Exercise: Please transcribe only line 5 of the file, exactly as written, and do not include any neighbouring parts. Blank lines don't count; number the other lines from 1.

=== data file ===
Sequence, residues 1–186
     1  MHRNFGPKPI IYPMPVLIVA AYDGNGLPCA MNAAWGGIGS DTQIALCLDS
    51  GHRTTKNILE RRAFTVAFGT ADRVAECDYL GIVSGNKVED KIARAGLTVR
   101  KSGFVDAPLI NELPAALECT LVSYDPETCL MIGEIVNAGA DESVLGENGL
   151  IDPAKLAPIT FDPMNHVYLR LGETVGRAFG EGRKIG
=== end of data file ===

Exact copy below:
   151  IDPAKLAPIT FDPMNHVYLR LGETVGRAFG EGRKIG